House Fly Control
An outbreak of house flies in any property will be linked to a build-up of rotting foodstuffs or perhaps a dead animal (e.g., mouse, pigeon etc.), overflowing bins etc, therefore finding this source and removing it is key to effective control.
The feeding habits of flies can easily lead to food poisoning incidents. This is why ensuring good standards of hygiene is imperative.
Disinfecting food preparation surfaces, keeping raw and cooked food covered, also washing exposed crockery, cutlery and cooking tools before use is important.
Keeping dustbins covered and remote from food preparation areas is good practice and cleaning of bins or skips to remove foul odours will reduce their attractiveness to these insects.
To kill adult insects, we can carry out insecticidal spray treatments to fly landing sites, e.g. window frames and nearby light coloured walls and ceilings. If practical, insecticidal fogging or space spraying treatments will have good results.
Fly eggs do hatch out in batches, so you can expect two or three outbreaks over a short period of time.
If the source is not accessible or easily controllable, e.g. shared bins outside, preventive measures include electric fly killers of various types and sizes, perhaps teamed with insect screens to windows and doors.
Such preventive measures are especially important in commercial kitchens where the Food Safety Act is in force.
Due to the variety of such sources and solutions, EBS Surveyors will always need to survey your site first to provide the right solution and advise what you can do to help yourselves.
Fly Biology & Habits
The eggs are just over 1 mm long, white and although laid singly, will be in quantities up to 500, laid in batches of 100-150 over a 3-4 day period. They are usually laid in moist, decaying matter (manure, rubbish heaps, decaying food, animal carcasses etc.).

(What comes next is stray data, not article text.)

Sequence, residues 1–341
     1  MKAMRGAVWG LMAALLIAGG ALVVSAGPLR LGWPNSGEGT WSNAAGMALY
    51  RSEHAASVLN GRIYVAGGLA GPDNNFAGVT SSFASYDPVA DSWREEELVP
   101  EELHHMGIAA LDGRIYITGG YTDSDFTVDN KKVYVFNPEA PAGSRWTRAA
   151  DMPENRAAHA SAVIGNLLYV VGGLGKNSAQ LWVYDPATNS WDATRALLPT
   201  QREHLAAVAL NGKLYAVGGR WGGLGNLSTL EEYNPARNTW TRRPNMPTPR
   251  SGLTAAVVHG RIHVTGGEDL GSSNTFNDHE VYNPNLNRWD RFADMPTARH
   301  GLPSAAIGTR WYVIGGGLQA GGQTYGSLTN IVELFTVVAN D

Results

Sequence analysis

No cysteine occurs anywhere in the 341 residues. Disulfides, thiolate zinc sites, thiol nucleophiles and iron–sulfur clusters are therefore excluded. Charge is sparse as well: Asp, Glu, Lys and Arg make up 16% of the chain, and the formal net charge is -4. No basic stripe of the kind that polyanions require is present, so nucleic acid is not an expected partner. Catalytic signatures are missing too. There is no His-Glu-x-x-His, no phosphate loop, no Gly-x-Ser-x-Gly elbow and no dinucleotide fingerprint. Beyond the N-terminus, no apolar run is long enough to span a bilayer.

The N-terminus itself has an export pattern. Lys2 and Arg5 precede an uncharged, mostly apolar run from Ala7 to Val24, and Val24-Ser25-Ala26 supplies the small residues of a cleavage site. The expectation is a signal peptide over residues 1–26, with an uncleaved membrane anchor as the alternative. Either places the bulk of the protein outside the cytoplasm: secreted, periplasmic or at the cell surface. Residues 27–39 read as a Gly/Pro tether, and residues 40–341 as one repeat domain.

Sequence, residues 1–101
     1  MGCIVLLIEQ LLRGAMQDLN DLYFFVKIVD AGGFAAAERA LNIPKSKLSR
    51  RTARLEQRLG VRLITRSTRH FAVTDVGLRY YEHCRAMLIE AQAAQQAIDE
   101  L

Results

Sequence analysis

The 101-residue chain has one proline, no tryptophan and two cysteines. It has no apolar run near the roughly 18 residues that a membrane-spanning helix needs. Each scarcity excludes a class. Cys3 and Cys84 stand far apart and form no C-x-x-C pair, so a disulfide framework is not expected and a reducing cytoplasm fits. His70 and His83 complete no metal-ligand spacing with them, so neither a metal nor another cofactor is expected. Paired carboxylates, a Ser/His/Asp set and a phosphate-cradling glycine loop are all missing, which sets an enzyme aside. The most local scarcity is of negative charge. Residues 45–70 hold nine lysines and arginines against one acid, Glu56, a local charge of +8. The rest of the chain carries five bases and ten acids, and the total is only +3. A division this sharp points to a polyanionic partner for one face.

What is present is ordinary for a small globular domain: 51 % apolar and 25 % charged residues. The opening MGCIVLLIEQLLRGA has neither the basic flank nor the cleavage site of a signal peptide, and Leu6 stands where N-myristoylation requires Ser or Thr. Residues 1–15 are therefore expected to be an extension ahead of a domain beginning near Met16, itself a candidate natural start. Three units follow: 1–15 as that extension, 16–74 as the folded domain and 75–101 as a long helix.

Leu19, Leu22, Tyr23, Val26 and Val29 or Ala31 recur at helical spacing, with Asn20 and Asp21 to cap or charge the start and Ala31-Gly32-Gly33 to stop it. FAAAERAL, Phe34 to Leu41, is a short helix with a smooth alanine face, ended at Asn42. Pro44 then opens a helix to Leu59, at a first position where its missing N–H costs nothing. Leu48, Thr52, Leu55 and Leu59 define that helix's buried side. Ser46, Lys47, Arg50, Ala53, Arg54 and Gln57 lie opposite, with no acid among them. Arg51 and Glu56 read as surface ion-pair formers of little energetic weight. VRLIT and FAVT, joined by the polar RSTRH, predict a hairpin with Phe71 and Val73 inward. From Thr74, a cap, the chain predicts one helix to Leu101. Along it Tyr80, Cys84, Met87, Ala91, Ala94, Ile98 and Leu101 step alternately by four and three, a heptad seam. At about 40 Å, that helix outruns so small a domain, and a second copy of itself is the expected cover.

This ‘scheduled’ laying of eggs can mean multiple outbreaks of maggots if the source is not found after the first outbreak.
The larvae (maggots) are up to 12 mm long when mature, hatching out after 8-20 hours and are a dirty cream colour with a pair of dark hooks at the head end.
Adults are about 6 mm long with the thorax having four distinct stripes. The fourth vein on each wing bends sharply forward.
When ready to pupate, the larvae will travel up to 50 feet to a dry location near a food source. Pupae are dark red-brown and barrel shaped, around 8 mm long.
The adult will emerge up to 28 days later and can lay after eggs 2 days. They live for 1-3 months. Larvae, Pupae and adults can overwinter in suitable, sheltered locations.
They spread disease by transmission of bacteria from decomposing material, manure etc to our food or surfaces. Common illness will be sickness and diarrhea, however, much more serious intestinal diseases such as typhoid, cholera or polio can be transferred from infected faeces.